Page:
Shanghai’s Would-Be Samaritans Welcome Legal Protection
Legend has it that it was a lawyer’s questions that prompted Jesus to launch into the parable of the good Samaritan. Fitting, then, that Shanghai on Monday enacted regulations to offer legal protection to citizens who go out of their way to help those in need of emergency care.
Buried among the 66 clauses of the “Shanghai Municipal Regulations for First-Aid,” which was approved in July by the Shanghai Municipal People’s Congress Standing Committee, is the guarantee that those who carry out “on-the-spot emergency care will enjoy legal protection.” Even those who inadvertently cause harm to the injured party “will not bear any legal responsibility,” the regulations state. The new regulations appear to apply to all individuals, in contrast to an earlier draft that stated only those with medical training would benefit from legal protection.
Across China, reluctance to lend a hand to those in need has been exacerbated by the fraudulent practice of pengci — or “bumping into porcelain” — whereby an apparent victim feigns injury in order to claim compensation from an unwitting passerby. Cases where genuinely injured individuals have been left to fend for themselves frequently break the news; many will remember the case of Yue Yue, a 2-year-old girl who died after being struck by two vehicles, both of which drove away. Security footage showed 18 people walking past her body.
Following the example of cities like Hangzhou and Shenzhen, Shanghai’s new laws are an attempt to counter that reluctance. As well as calling on people to call the emergency services upon discovering someone in need of care, the new regulations encourage “residents with first-aid expertise to provide on-the-spot emergency care to the injured party,” and state that those who do provide first aid will receive financial remuneration.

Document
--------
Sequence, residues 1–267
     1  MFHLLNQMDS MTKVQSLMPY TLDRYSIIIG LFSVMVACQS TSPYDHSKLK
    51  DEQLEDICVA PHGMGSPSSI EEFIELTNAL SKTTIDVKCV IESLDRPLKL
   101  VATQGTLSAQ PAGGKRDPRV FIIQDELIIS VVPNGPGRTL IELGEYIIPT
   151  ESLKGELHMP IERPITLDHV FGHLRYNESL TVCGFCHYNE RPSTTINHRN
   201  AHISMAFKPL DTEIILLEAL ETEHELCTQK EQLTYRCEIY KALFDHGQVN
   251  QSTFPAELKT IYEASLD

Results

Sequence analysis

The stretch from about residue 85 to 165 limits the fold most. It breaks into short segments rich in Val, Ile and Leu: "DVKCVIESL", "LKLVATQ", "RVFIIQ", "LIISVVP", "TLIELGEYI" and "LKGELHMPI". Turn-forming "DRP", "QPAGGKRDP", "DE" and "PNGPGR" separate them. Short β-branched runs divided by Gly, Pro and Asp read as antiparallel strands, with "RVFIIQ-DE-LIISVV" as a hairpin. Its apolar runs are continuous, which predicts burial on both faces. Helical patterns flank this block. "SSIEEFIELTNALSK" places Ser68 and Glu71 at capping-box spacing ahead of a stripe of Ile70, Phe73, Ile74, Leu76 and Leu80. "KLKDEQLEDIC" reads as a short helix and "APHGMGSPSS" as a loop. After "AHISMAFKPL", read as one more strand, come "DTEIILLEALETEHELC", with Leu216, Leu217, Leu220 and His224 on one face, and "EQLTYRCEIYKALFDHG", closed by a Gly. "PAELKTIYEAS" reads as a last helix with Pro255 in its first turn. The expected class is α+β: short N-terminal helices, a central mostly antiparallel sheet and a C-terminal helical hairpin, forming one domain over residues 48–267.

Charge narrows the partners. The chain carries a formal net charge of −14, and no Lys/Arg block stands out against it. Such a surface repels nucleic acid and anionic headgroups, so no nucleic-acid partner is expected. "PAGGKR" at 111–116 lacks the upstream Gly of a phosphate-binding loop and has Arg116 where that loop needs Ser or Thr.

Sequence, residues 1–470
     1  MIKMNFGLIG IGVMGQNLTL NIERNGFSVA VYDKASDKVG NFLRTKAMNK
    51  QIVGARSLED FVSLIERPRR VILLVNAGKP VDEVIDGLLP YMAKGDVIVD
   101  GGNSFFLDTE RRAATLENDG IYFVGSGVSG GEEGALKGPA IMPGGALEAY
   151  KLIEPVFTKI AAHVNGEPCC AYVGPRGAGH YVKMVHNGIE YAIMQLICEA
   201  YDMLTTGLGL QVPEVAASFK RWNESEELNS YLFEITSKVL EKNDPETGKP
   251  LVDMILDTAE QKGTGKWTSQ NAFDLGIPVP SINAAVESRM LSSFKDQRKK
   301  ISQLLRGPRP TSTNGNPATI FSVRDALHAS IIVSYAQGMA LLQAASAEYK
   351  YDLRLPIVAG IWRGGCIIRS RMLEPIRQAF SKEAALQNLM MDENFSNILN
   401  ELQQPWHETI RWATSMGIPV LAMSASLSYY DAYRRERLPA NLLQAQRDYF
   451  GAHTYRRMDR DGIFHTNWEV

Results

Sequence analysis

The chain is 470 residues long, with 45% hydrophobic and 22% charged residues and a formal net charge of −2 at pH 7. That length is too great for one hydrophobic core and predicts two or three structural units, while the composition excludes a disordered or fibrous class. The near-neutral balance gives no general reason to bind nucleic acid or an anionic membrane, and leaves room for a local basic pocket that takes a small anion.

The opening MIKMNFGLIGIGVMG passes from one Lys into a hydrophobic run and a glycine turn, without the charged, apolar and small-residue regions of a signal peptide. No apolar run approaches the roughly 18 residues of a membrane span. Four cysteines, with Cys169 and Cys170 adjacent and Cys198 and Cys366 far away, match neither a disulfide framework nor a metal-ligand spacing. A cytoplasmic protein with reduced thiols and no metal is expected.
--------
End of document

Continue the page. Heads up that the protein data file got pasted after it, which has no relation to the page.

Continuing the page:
Sixth Tone took to the streets of Shanghai to find out whether the new regulations would have any bearing on its residents’ willingness to help those in need. While most people approached by Sixth Tone had not heard of the new law, the overwhelming reaction was one of support.
Among those who welcomed the new regulations was 70-year-old resident Sun, who declined to provide her given name. Sun’s armband indicates she is one of the city’s street volunteers, who have no authoritative powers but are charged with maintaining a safe and clean urban environment. Despite her status, Sun said she wouldn’t dare help someone in distress without any legal protection. “Aren’t there a lot of those pengci cases these days?” she said. “What if we did the right thing and got cheated? There’s no way to be a good Samaritan nowadays.”
Sun’s comments were echoed by 40-year-old Pan, a new arrival in Shanghai who also refused to provide his full name. For Pan, the necessity of the law comes down to the fact that China is still a developing country. “As society develops, if ethics cannot fulfill their purpose completely, then you have to turn to the law,” he told Sixth Tone. Nevertheless, Pan said the law would have little impact on him, since he has always been willing to help.
That was also the case for 70-year-old Ge Peirong, a Shanghai native and the elected mediator between the residents of her apartment block and the area’s residential committee. “If I can help, then I will,” she said. “I’m naturally a very warm and enthusiastic person.” Aware that coverage of scams in the media has discouraged people from intervening, however, she approved of the new regulations: “It’s great — with this new law no one will have reason to hesitate.”
Ma Yanwen, a 14-year-old student, told Sixth Tone her reluctance to intervene came from her parents. “[They] worry we will run into a pengci incident, and so they don’t let us get involved,” she said. With the new regulations, however, Ma said she wouldn’t hesitate to help.
Fifty-two-year-old Ji, who refused to give her full name, said she would without a doubt encourage her own grandchild to help, despite the fact that she herself wouldn’t dare intervene due to her lack of medical training. “Of course I would teach her to be a good person,” she said. “There’s no way I’d tell her to be a bad person.”
(Header image: A man performs CPR under a doctor’s supervision during a public training class in Shanghai, Nov. 30, 2014. Yang Yi/Sixth Tone)